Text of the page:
In the telecoms sector, liberalisation has led to the emergence of a multitude of competitors for fixed-line and mobile voice services as well as Internet connections. Research by the OECD indicates that mobile subscriber growth rates are positively correlated with the number of competing networks in the market. So competition not only gives more customers access to mobile services, faster and at lower prices. But it also grows existing markets and creates new ones, provides market entry opportunities for new firms, and lowers the input cost of telecommunication services, as well as widening the choice of available services. So, I think it is evident from the EU’s experience that a carefully planned and executed liberalisation policy is a central piece of a comprehensive modern industrial policy.
Of course, I am not naïve, and I have already mentioned how some in Europe have been and continue to be less keen to put liberalisation into practice when they perceive it as bad news for their own national players. That will not stop me from continuing to explain why the facts prove that it is the best route for European industry and consumers. And I think the arguments also carry the same weight outside Europe – and I will not hesitate to export them.
Last, but by no means least, I’d like to address an aspect of EU competition policy which is crucial to the modern industrial policy which the EU is pursuing: the control of State subsidies to industry. My top priority as Competition Commissioner has been a comprehensive reform of our state aid rules. Our objective is to help Member States to spend only as much taxpayers' money on subsidies as is absolutely necessary, and to target that expenditure as effectively as possible. So our motto is "less and better targeted state aid". We look first to the markets to deliver, and only where there are clear gaps does state aid play a role.
And it is true that there can be gaps. Properly targeted state aid can serve to complement structural policies of the kind I mentioned earlier, by tackling genuine market failures to enable firms and workers to adapt to a rapidly changing economic environment. For example, state aid which is designed to support training or the employability of the workforce can fall into this category, and new rules are being developed for aid where this really is needed to promote the emergence of young innovative enterprises. In this respect, we've learnt a lot from the US Small Business Act! But in all of this one thing has to be made crystal clear: grant too much state aid, and quite simply the private money – which is the real long-term driver of our economy – will be crowded out.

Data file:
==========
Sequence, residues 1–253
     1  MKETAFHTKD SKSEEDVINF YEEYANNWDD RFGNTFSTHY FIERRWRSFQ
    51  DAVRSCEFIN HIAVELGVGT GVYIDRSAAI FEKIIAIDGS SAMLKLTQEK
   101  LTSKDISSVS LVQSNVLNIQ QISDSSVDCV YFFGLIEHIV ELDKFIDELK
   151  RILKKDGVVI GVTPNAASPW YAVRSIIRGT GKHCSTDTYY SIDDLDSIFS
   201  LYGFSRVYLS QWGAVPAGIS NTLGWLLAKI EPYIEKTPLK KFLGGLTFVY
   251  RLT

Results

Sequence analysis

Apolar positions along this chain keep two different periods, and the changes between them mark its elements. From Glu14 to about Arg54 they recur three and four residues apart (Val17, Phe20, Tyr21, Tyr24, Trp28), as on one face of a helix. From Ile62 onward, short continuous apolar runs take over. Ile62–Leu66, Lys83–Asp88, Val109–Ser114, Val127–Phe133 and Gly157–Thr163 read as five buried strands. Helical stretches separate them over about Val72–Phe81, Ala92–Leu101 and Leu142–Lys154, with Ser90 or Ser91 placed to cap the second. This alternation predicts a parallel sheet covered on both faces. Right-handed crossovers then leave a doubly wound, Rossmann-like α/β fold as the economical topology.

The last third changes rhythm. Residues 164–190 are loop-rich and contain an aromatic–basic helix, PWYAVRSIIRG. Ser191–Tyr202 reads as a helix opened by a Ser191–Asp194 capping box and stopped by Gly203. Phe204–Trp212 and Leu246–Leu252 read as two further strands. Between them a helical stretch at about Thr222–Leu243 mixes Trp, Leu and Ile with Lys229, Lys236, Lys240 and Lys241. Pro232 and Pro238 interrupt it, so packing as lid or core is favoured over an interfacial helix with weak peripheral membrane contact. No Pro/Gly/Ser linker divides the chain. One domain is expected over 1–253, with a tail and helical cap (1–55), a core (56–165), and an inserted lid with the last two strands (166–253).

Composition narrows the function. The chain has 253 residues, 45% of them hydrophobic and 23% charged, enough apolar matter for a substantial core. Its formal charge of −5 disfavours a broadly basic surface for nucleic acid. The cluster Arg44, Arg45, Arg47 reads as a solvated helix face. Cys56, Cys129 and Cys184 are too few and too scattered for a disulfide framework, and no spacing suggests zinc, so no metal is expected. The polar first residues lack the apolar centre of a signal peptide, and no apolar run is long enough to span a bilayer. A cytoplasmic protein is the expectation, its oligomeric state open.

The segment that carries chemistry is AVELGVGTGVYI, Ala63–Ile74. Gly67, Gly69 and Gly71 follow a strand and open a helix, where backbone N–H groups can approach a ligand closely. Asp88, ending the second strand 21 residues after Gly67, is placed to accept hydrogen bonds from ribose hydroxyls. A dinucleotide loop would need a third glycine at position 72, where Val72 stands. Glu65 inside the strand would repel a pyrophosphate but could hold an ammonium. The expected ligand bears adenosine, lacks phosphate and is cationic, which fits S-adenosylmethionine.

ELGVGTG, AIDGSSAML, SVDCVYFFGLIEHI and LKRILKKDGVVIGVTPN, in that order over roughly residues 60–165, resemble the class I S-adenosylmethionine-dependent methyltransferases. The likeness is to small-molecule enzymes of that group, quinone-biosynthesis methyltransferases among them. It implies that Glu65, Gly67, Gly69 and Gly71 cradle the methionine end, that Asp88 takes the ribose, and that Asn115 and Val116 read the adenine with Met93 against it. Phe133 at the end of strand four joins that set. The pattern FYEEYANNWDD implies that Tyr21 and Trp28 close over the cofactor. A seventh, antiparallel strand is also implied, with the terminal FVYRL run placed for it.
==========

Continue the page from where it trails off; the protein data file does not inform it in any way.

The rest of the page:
To finish, let me add that, while far-reaching State aid control – beyond WTO discipline - may be unique to the European Union, I do believe that other economies would benefit from seeking greater discipline for the manner in which the State supports industry. I don't think it's just in Europe that we believe in the markets. And I know for a fact that it is not just in Europe that state money is sometimes wasted on lame ducks. If you believe in the market, then you should trust in the market first and foremost. We should all respect WTO discipline, but, if possible, we should actually all go beyond it.
I've said it before and I'll say it again. Competition policy is not an end to itself – not even for a Competition Commissioner! – but a means to reach a goal. I am not interested in having competition for the sake of it. I am not interested in taking ideological stances concerning policy agendas. My priority is policy measures that are sound, pragmatic, and really work in real life, modern solutions which match up to the challenges of today's market place.
With this in mind, I have been trying for almost two years to focus European competition policy on what really matters for the competitiveness of European industry, for the benefit of European consumers. This is why I have strengthened our fight against cartels; this is why I have undertaken a wide ranging revision of our State Aid policy; this is why I have launched competition sector inquiries in sectors that I regard as crucial to the overall competitiveness of our industry; and this is why I have launched – here in Fordham a year ago – an ambitious review of our enforcement policy against unilateral conduct. And I think that the results are starting to speak for themselves.
Is this an industrial policy? I suppose it is. Call it what you like, but personally I think it is the only modern and realistic policy approach to today's environment. Which is why, whether I'm on the Forbes list or not, I'll still continue to be an ambassador for competition in Europe and throughout the world.